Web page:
Lightroom is an application that just performs functions on files that exist. The card reading, copying, and recognition is based on hardware and the OS's implementation of the driver and file system. LR has nothing to do with bad card performance. It'll be the card reader/driver, OS ExFAT implmentation, or card itself.
Usually, a slow XC read (or HC for that matter) is because the card reader isn't DMA compatible with the box it's in. It can also be slow because it's actually a USB bus reader (even if mounted internally). The only real way to get full speed out of a high speed card that's also high capacity is to use a USB3 or FW reader. An XC card is mostly the same as an HC card, but formatted with ExFAT instead of FAT32 so that the full capacity can be allocated.
On top of that, most internal implementations of card readers are for convenience, not speed, so they never reach full capabilities of the media anyways. Try shoving that card into another reader (if you know somebody who has a USB3 reader, FW800 reader, or SATA-SDxC reader and see if your speed improves.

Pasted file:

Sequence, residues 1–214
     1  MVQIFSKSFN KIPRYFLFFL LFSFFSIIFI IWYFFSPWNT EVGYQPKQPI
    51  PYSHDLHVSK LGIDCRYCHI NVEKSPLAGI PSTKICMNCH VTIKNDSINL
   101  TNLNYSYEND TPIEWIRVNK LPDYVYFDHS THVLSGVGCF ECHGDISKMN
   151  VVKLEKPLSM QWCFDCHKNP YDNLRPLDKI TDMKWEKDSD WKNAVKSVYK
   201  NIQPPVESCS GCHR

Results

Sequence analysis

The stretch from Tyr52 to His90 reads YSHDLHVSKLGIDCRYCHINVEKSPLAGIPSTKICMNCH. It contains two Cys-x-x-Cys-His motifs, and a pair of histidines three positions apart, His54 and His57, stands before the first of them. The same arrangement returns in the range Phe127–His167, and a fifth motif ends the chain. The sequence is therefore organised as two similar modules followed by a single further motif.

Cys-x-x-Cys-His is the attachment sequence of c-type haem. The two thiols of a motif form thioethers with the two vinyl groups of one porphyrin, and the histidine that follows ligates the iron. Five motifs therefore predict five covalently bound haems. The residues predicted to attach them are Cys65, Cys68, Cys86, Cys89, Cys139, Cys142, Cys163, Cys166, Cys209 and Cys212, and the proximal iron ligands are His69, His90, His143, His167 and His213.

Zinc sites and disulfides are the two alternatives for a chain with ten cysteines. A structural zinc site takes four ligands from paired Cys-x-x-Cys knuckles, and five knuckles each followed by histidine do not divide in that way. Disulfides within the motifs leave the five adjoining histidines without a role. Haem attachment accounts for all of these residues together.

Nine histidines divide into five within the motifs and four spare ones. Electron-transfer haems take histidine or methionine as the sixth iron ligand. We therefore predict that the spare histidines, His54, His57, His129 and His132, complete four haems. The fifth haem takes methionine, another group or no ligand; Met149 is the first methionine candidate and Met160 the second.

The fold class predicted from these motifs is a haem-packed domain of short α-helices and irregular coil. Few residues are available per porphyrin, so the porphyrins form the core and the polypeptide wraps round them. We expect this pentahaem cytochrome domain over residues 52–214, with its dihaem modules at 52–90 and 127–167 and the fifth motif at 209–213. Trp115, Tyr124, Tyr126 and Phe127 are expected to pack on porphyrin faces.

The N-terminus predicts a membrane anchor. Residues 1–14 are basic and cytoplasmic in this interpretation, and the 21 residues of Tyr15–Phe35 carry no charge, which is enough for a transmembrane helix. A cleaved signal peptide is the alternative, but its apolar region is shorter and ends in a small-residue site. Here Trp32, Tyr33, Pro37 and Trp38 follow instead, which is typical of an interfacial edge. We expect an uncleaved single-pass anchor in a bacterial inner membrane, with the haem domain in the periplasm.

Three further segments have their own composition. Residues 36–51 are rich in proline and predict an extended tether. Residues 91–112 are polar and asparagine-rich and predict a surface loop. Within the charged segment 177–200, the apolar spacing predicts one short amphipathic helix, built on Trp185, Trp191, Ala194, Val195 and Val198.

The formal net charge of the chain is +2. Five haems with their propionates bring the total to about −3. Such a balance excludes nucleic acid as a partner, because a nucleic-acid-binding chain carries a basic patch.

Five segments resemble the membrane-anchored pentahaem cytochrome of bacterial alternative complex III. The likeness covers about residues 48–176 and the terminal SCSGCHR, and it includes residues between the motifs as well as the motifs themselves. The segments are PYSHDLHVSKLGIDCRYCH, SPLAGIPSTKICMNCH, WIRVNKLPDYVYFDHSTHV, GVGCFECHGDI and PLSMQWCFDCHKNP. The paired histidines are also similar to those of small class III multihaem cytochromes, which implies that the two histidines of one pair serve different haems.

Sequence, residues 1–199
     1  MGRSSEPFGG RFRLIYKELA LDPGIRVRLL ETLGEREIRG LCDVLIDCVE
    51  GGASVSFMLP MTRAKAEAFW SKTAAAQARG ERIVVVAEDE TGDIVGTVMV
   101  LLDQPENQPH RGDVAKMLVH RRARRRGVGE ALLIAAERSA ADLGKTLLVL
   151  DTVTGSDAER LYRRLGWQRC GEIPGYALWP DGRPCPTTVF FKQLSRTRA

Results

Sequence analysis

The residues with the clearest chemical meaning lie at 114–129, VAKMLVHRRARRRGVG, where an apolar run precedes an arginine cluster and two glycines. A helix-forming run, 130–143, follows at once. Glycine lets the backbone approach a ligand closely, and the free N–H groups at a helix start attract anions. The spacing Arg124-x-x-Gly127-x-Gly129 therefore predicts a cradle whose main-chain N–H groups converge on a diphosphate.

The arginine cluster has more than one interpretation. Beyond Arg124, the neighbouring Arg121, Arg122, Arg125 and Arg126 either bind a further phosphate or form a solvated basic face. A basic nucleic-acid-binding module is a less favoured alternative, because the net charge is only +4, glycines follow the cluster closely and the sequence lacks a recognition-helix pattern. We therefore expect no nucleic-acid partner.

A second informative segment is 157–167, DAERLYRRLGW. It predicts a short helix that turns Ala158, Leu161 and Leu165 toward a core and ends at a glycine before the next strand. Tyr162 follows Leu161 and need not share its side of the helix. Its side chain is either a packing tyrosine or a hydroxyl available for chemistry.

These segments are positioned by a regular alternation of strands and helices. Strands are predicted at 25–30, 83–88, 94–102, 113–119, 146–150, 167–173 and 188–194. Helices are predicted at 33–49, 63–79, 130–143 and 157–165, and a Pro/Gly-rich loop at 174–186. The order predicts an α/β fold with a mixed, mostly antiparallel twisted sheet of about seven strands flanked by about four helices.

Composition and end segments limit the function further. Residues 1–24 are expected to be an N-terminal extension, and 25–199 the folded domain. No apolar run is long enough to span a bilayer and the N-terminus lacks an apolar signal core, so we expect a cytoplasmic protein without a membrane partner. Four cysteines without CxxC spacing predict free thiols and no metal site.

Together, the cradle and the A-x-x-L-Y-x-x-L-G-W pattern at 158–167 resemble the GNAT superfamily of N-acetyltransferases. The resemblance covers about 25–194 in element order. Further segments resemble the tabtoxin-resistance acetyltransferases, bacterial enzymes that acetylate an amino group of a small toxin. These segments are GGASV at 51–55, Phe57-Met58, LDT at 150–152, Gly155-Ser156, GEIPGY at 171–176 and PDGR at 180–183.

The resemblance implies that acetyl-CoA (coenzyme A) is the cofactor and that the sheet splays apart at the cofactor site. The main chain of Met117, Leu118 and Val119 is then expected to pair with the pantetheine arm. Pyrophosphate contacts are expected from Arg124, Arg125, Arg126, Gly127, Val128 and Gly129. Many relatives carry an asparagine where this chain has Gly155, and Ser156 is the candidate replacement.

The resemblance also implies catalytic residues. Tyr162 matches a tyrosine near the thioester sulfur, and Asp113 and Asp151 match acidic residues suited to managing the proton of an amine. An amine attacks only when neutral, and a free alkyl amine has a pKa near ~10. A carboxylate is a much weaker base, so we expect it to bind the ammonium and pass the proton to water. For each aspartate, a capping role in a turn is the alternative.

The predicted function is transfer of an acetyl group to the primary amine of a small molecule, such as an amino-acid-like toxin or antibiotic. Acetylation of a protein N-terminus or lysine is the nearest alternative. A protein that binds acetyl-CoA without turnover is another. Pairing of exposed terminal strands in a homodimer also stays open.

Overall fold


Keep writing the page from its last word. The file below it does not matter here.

Also, I've had to recover many a PNY card for clients - they seem to be ok at first, but not so stable after some usage. They're not a "cheap" no-name card, but they aren't the best manufacturer either - I won't use their "Pewny" memory in any box and I don't trust their media cards for my cameras.
If it's the ExFAT format on the card, you could always try formatting it in the camera, then shoot a few frames, and see if reads any better.
I have 3 Macs, but don't use any of them for LR, imaging work, or even dumping cards - they're pretty much music players or paper weights. I keep them because I have to do compatibility testing and some file conversion to other formats. However, since ExFAT is a Microsoft designed file system, I would also suggest that you try your card on a Win7/8 box with a USB3 reader on a USB3 port and see how the card performs.
If you know somebody with a Win7/8 box and a USB 3 card and reader - run this on the card:http://mympx.org/Downloads/p13_sectionid/2/p13_fileid/13
it'll tell you if it's reading fine. I use it often to check for fake Sandisk cards...